September 13, 2010
It is always interesting to see computing power used to completely solve a game such as Connect Four or Checkers.
Now, it has been proven that every position of a Rubik’s Cube can be solved in 20 moves or less.
“It took fifteen years after the introduction of the Cube to find the first position that provably requires twenty moves to solve; it is appropriate that fifteen years after that, we prove that twenty moves suffice for all positions.”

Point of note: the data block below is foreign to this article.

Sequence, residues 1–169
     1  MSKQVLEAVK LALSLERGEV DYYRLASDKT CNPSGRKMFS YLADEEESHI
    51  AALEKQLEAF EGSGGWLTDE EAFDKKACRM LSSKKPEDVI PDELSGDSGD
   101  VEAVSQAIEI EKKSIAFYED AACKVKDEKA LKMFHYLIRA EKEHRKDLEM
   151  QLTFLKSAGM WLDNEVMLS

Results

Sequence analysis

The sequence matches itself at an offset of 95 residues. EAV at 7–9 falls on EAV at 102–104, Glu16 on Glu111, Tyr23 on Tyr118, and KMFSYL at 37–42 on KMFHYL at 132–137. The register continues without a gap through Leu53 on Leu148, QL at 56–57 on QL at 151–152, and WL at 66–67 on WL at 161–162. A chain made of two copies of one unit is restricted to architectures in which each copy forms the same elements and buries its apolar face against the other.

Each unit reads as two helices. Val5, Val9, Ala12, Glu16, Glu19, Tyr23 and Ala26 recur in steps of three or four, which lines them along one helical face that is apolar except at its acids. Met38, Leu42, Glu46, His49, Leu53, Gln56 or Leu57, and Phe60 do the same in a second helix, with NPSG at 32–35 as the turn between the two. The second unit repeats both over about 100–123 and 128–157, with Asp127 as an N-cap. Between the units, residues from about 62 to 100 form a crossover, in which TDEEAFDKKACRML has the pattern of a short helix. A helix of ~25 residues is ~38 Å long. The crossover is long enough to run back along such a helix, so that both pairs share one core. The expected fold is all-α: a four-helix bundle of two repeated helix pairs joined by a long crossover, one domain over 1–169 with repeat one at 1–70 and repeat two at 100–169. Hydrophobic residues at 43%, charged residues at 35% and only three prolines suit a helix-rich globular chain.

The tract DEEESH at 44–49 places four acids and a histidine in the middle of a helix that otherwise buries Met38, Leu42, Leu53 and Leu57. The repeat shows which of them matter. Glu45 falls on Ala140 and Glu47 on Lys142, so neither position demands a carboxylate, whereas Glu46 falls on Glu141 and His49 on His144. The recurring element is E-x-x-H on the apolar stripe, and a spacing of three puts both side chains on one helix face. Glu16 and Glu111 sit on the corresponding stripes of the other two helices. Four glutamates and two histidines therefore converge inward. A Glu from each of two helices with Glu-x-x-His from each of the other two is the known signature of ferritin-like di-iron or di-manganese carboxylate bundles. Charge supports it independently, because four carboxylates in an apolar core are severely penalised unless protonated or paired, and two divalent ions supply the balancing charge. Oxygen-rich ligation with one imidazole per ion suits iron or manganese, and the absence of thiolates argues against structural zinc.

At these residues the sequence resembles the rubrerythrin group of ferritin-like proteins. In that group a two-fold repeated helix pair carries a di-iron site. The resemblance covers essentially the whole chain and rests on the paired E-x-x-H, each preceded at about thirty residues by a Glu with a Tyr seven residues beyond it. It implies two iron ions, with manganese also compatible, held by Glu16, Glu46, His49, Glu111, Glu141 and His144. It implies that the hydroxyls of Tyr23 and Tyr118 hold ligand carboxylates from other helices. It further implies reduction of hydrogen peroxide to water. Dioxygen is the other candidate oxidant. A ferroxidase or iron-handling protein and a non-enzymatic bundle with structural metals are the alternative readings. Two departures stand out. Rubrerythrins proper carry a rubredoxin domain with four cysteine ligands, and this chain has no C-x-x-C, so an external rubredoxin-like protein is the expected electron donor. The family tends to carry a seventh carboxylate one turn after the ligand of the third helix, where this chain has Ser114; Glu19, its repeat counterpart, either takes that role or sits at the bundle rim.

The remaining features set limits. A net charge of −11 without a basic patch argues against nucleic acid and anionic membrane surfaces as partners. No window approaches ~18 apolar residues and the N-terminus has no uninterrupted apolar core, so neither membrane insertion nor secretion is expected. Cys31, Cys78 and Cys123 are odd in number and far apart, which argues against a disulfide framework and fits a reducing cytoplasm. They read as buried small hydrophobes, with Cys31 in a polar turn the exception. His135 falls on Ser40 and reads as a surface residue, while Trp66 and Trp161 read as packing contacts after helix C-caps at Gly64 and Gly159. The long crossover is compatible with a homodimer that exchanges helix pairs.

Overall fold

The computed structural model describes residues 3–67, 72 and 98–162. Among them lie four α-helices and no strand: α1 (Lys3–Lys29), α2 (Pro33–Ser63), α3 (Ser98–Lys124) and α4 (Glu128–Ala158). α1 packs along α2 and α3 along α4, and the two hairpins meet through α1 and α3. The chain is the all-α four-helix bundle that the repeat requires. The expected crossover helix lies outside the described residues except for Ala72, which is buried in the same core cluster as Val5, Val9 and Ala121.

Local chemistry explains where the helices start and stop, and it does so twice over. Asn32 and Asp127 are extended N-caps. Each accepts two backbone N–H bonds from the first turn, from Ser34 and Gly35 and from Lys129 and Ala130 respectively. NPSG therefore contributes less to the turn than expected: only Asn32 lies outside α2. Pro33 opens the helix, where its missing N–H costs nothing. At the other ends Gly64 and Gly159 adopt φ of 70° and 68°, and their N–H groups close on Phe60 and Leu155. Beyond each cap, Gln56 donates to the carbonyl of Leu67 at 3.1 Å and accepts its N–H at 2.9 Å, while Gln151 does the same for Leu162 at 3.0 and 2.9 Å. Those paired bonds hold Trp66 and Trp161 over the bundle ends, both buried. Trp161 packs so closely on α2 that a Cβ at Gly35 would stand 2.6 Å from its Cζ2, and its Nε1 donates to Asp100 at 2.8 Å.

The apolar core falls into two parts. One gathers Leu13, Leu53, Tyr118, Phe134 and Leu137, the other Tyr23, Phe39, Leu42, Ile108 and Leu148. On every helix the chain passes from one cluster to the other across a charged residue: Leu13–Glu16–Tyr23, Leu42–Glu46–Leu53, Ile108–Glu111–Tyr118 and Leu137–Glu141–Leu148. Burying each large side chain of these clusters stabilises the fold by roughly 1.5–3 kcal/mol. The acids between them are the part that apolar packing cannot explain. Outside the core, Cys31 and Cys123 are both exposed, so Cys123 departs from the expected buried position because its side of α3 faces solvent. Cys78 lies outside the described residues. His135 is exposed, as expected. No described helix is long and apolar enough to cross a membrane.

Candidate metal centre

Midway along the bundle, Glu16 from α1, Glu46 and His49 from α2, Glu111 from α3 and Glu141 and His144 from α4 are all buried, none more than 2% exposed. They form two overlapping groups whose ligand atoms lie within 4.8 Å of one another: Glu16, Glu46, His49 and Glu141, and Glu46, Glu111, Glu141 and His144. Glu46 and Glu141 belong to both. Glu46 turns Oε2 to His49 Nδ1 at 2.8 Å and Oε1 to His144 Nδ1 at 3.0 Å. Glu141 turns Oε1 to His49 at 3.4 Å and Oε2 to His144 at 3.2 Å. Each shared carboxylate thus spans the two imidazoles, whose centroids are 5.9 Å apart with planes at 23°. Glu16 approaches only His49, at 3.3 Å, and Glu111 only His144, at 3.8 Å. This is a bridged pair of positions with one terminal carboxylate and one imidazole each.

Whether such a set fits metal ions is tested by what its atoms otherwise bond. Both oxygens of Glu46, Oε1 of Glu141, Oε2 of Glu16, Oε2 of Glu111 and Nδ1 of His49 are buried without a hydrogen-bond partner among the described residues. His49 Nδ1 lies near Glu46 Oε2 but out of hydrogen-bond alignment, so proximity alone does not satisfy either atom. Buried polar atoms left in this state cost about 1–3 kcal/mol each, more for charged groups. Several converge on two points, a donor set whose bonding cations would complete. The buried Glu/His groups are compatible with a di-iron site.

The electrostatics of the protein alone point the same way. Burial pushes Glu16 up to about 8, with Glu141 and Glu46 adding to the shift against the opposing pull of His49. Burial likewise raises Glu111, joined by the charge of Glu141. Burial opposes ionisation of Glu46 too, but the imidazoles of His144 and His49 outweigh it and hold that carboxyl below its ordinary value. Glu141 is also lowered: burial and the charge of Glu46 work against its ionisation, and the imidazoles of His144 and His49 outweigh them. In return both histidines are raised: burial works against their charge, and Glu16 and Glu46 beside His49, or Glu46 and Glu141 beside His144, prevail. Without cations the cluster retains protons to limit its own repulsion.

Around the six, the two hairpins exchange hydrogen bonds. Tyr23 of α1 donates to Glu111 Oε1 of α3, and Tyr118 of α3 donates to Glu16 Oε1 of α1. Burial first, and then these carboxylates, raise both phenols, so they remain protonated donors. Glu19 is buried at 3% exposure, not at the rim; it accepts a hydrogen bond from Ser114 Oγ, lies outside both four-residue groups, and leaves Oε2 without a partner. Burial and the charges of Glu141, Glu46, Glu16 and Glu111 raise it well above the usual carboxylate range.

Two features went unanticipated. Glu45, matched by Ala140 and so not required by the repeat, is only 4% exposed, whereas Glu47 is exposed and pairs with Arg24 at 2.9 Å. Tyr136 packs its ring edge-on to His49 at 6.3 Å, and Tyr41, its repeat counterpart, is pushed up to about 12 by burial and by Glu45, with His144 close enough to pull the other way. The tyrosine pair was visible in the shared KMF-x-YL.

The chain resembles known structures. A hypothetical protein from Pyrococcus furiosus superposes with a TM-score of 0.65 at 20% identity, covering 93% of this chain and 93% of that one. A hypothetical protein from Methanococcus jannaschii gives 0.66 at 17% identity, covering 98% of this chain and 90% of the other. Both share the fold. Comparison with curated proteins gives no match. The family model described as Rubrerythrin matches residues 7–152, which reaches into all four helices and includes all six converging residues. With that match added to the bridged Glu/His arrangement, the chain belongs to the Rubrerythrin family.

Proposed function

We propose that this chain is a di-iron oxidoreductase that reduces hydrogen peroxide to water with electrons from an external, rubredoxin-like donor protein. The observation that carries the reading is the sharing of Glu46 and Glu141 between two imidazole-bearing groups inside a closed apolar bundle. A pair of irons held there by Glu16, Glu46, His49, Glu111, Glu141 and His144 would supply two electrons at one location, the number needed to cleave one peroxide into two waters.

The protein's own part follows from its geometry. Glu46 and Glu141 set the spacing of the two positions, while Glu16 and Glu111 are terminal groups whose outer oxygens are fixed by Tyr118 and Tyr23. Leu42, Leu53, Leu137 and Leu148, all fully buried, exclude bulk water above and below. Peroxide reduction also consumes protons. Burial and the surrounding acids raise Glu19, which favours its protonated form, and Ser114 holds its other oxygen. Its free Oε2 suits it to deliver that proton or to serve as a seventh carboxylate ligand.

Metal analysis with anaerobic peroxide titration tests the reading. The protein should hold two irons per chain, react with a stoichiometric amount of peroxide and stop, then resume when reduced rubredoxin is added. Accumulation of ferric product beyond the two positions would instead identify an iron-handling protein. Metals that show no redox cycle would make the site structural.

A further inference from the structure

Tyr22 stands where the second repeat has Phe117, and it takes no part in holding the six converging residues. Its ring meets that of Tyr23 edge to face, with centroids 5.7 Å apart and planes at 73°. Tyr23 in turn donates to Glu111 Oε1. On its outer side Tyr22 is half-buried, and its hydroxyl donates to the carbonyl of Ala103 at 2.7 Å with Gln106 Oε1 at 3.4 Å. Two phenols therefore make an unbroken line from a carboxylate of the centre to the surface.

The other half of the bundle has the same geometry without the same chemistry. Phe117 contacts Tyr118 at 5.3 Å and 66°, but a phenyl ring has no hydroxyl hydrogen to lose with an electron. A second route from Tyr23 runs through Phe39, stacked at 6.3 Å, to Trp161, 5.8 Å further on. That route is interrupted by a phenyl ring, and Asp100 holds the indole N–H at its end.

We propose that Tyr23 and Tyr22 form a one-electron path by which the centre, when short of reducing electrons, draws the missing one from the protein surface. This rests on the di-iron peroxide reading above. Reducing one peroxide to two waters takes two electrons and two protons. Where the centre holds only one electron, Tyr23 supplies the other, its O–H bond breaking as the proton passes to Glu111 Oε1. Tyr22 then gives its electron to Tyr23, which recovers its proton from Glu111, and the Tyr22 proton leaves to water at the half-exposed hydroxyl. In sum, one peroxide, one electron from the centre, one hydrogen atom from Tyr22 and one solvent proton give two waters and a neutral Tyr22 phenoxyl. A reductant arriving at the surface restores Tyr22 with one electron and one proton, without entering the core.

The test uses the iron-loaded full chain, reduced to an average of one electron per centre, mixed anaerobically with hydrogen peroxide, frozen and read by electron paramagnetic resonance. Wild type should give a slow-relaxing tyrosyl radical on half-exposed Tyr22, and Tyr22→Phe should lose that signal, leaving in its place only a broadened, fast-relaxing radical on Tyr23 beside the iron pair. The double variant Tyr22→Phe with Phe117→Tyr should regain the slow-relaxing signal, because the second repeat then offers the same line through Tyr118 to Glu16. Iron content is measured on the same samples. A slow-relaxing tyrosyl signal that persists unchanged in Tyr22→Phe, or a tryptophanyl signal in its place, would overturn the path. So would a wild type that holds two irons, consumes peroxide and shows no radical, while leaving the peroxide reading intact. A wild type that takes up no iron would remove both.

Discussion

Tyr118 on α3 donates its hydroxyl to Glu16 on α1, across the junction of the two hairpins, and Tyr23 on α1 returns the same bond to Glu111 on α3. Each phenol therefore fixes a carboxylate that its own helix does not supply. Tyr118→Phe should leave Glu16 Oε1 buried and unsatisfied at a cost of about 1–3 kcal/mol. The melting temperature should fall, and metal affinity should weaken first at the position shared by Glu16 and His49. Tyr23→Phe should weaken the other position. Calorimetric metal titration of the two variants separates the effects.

December 6, 2008
[Very busy at work right now, so posts will taper off until I get to the holiday at the end of the month. That said, I do have some 20+ posts drafted. Rest assured, more content is on the way.]
Being a member of the IEEE, I regularly browse the latest issue of IEEE Spectrum. The most recent issue (December 2008) includes an article entitled “Bots Get Smart” by Jonathan Schaeffer, Vadim Bulitko, and Michael Buro. The main topic of the article is the improving of game AI in order to provide better experiences for players.
One of the parts that stood out to me was this paragraph:
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